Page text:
Mains Article

US-Taliban Pact [Mains Article]

The recently concluded US and Taliban Pact is expected to bring peace in the nation which has witnessed direct and proxy warfare for over two decades. But, with the withdrawal of US forces one can’t deny the creation of vacuum in the region and possibility of filling the void by terrorists and extremists’.
By IT's Mains Articles Team
March 07, 2020


  • Introduction
  • US-Taliban Pact
  • The Key elements of the pact
  • Troops withdrawal
  • Taliban commitment
  • Sanctions removal
  • Prisoner release
  • Ceasefire
  • Challenges ahead
  • India and Taliban
  • India and Afghanistan
  • Criticism
  • Side-lining Afghan Government
  • Concessions to Taliban
  • Shifting the power to Taliban
  • Conclusion

US-Taliban Pact

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The US and Taliban have signed an agreement for “Bringing Peace to Afghanistan”, recently which will enable the US and NATO to withdraw troops in the next 14 months. India attended the signing ceremony in Doha, and was represented by Ambassador to Qatar P Kumaran.

US-Taliban Pact:

  • The pact has been signed between the “Islamic Emirate of Afghanistan which is not recognized by the United States as a state and is known as the Taliban” and the US.
  • The four-page pact was signed between Zalmay Khalilzad, US Special Representative for Afghanistan Reconciliation, and Mullah Abdul Ghani Baradar, political head of the Taliban.
  • Separately, a three-page joint declaration between the Afghan government (Islamic Republic of Afghanistan) and the US was issued in Kabul.

The Key elements of the pact:

The following are the key elements in the US-Taliban deal:

1. Troops withdrawal:

  • The US will draw down to 8,600 troops in 135 days and the NATO or coalition troop numbers will also be brought down, proportionately and simultaneously.
  • And all troops will be out within 14 months — “all” would include “non-diplomatic civilian personnel” or “intelligence” personnel.

2. Taliban commitment:

  • The main counter-terrorism commitment by the Taliban is that Taliban will not allow any of its members, other individuals or groups, including al-Qaeda, to use the soil of Afghanistan to threaten the security of the United States and its allies.
  • The pact is silent on other terrorist groups — such as anti-India groups Lashkar-e-Toiba or Jaish-e-Mohammed. As India, not being an US ally is not covered under this pact.

3. Sanctions removal:

  • UN sanctions on Taliban leaders to be removed by three months (by May 29, 2020) and US sanctions by August 27, 2020.
  • The sanctions will be out before much progress is expected in the intra-Afghan dialogue.

4. Prisoner release:

  • The US-Taliban pact says up to 5,000 imprisoned Taliban and up to 1,000 prisoners from “the other side” held by Taliban “will be released” by March 10 — which is when intra-Afghan negotiations are supposed to start, in Oslo.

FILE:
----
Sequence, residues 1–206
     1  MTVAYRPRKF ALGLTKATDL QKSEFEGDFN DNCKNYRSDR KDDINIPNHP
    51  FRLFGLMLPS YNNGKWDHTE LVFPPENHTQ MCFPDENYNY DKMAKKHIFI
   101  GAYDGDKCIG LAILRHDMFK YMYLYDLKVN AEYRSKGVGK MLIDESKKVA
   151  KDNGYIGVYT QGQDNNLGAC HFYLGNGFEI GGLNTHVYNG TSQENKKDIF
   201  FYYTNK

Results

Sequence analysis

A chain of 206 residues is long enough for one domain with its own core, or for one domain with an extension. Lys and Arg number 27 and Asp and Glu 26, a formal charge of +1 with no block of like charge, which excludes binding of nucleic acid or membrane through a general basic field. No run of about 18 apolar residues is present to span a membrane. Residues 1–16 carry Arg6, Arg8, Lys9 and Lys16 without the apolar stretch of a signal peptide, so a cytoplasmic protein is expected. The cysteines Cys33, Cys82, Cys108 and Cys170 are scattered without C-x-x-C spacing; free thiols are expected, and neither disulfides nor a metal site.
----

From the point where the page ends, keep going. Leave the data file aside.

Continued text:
• The joint declaration says the US will facilitate discussion with Taliban representatives on confidence building measures, to include determining the feasibility of releasing significant numbers of prisoners on both sides.
  • Miller identified it as a “possible trouble spot” because the US-Taliban agreement and the joint declaration differ, and it is not clear whether the Ashraf Ghani-led government agrees with this “pretty big up-front concession to Taliban”.

5. Ceasefire:

  • It has been identified as another potential “trouble spot”.
  • The agreement states ceasefire will be simply “an item on the agenda” when intra-Afghan talks start, and indicates actual ceasefire will come with the “completion” of an Afghan political agreement.

Challenges ahead:

  • The joint declaration is a symbolic commitment to the Afghanistan government that the US is not abandoning it.
  • The Taliban have got what they wanted: troops withdrawal, removal of sanctions, release of prisoners.
  • This has also strengthened Pakistan, Taliban’s supporter, and the Pakistan Army and the ISI’s influence appears to be on the rise.
  • The Afghan government has been completely side-lined during the talks between the US and Taliban.
  • The future for the people of Afghanistan is uncertain, and will depend on how Taliban honours its commitments and whether it goes back to the mediaeval practices of its 1996-2001 regime.
  • Much will depend on whether the US and the Taliban are able to keep their ends of the bargain, and every step forward will be negotiated, and how the Afghan government and the political spectrum are involved.
  • This is only the first step towards peace. Peace in Afghanistan will be dependent on how the Afghani stakeholders i.e. the Afghanistan government, Taliban and other tribal militant forces cooperate with each other.